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SCHEV-operated VGAP awards:

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Federal work-study:

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Notice the relatively high rate of 4-year degrees (and the widespread overperformance) among the work-study students. 

Doubtless there are multiple factors driving these results.  We might expect those to include the granting process, the selectivity of the school, the pool from which a school draws, and probably other factors.

Nonetheless these data suggest some tentative conclusions:

  • UVa and W&M are skimming the cream from the population of students who receive financial support;
  • As the earlier data suggested, the SCHEV-run VGAP awards are much more effective, in most cases, than the school-run Commonwealth awards;
  • Some schools run counter to the average underperformance of the Pell and Commonwealth grantees (e.g., UVa on Pell; Tech and Mason on Commonwealth); and
  • VCU’s relatively high graduation rate of athletes might suggest either careful selection and nurturing or corrupt grading practices.  It would be good to know which.

Diploma Inflation

The standard diploma requires five “verified credits” (i.e., passing the course plus passing the End of Course (EOC) SOLs or approved substitute tests) in English, math, laboratory science, and history & social science, plus one further verified credit, presumably in one of those areas.   The advanced diploma requires three further verified credits.

We have seen that the 4-year cohort graduation rate statewide has risen in recent years at the same time that the EOC SOL pass rates have generally declined.

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The five-year graduation rates run a bit higher but show the same pattern (except, of course, that the data end a year earlier).

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Well, that’s the state.  Let’s look at some divisions.  All the graphs below show the 4-year cohort rates.

Let’s start with Fairfax where, for sure, all the students are above average.

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Hmmm. Excellent numbers but, again, declining pass rates and increasing diploma rates.  That’s easier to see if we just look at the subject average pass rate and the total diploma rate.

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Loudoun looks much the same.

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Then we have Richmond and peers.  (Notice the rate of standard diplomas higher than the advanced rate, contra the NoVa jurisdictions and state averages.)

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Finally, because I sometimes have readers there, Charles City and Lynchburg.

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There are some interesting differences here, particularly the vast differences between the NoVa jurisdictions and the old cities and the lower rates of advanced diplomas in those cities.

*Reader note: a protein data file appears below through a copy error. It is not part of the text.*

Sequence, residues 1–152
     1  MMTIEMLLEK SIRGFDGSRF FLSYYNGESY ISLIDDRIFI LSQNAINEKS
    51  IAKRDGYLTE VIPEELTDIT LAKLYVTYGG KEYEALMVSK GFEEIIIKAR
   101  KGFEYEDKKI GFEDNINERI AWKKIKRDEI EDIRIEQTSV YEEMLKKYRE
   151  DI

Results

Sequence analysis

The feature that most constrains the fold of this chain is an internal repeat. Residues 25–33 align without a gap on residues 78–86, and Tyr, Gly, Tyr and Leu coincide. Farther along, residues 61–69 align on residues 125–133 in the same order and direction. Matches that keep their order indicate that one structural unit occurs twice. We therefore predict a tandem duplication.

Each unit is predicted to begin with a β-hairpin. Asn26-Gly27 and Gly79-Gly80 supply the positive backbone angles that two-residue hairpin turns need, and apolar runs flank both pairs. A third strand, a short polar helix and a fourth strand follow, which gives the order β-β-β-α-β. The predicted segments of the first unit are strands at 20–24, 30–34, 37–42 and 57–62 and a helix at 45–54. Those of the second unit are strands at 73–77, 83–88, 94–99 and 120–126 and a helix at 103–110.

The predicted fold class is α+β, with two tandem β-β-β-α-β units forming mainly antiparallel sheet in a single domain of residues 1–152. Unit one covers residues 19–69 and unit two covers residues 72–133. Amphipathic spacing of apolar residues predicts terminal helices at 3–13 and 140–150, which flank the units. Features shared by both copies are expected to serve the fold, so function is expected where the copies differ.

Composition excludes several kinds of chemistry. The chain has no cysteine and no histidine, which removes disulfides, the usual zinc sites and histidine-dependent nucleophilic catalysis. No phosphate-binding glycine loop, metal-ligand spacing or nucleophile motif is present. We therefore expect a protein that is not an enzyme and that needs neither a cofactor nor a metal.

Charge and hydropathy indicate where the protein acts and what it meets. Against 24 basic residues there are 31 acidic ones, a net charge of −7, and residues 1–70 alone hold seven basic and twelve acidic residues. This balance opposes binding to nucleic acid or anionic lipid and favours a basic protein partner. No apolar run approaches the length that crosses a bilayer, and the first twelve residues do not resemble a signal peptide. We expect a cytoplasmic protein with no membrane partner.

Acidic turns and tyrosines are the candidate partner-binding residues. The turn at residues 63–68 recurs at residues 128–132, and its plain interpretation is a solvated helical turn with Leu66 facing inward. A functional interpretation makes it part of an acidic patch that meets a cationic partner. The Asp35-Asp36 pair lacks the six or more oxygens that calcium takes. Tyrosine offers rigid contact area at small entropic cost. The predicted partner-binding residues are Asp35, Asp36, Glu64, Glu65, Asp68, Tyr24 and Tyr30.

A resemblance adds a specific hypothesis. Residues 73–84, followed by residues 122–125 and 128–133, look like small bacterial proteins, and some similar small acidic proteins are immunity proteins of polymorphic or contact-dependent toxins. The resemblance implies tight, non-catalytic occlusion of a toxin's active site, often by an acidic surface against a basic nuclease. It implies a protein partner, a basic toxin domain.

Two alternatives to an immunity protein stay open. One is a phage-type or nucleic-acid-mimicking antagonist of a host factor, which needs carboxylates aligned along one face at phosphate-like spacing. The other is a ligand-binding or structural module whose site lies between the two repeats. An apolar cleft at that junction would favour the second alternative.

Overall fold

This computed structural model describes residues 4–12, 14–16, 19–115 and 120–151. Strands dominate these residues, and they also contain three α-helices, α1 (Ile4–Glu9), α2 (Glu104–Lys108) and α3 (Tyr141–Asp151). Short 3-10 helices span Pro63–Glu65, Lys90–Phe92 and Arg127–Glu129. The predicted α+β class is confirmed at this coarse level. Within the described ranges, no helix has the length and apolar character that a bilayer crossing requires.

The variability of the small numbers in Charles City makes conclusions there problematic but otherwise the underlying theme is constant: Decreasing pass rates with increasing graduation rates.

These data surely allow VBOE to brag on the increasing graduation rates.  Whether they can brag that the kids are learning more is a question these data do not answer.

And, for sure, these data confound the notion that decreasing pass rates should lead to decreasing graduation rates.

Memorandum of Edict

The Board of “Education” (VBOE) met on July 27 and approved a revised version of the “Memorandum of Understanding” (MOU) with Richmond. 

As a reminder: Twenty-Seven of 44 Richmond public schools (61%) are not fully accredited; sixteen of those schools have been denied accreditation.  The Department of Education (VDOE) this year conducted a “Division-Level Academic Review” of the Richmond system that focused on bureaucratic effluvia and carefully avoided the fundamental question of what Richmond must do to produce students who can read, write, and reckon.  Now, rather than setting out to fix the Richmond system, VBOE has been engaged in writing the MOU.  They say it will be followed by a “plan.”

It took four years of failure for sixteen Richmond schools to be denied accreditation.  We might wonder why this protracted Review/MOU/Plan/??? process could not have been started – and completed – before so many Richmond schoolchildren had been damaged by those inadequate schools.

On the 26th, the Board’s Accountability Committee considered the MOU changes requested by Richmond.  The Committee proposed some revisions, summarized here.  We don’t have minutes yet but it appears from the video (July 27, part 1 video, starting about 1:48) that the Board on the 27th adopted the Committee’s proposed changes.

The major change was to reduce the requirement for the Board’s prior approval of “all” Richmond expenditures of state and federal funds to approval of “selected” expenditures.  The MOU does not tell us how the selection is to be made but, in any case, the State will have a putative chokehold on Richmond’s expenditures.

Aside from the title, the MOU does not pretend that it is an agreement.  Among the unchanged features: VBOE can modify the MOU at will.  As well, the MOU speaks of VBOE dominion over “processes, procedures, and strategies.” 

In short: VBOE thinks it has control of Richmond’s public schools.  The MOU is an edict.

This is Good News and Bad News. 

The Bad News:  VBOE asserts that it has taken control of the Richmond Public Schools. 

This state agency is asserting that it has day-to-day control over schools that, under the Constitution, are to be supervised by our School Board.

The Good News: VBOE asserts that it has taken control of the Richmond Public Schools. 

Richmond has demonstrated that it is incapable of properly educating its schoolchildren. Somebody needs to do something about that scandal.

Possible Good News: If the Richmond schools fail to achieve accreditation, VBOE will be responsible.

Unfortunately for that last point, VBOE has demonstrated (and admitted) that it does not know how to fix failed urban schools.  Perhaps recognizing that, they are in the process of (yet another) dilution of the standards of accreditation.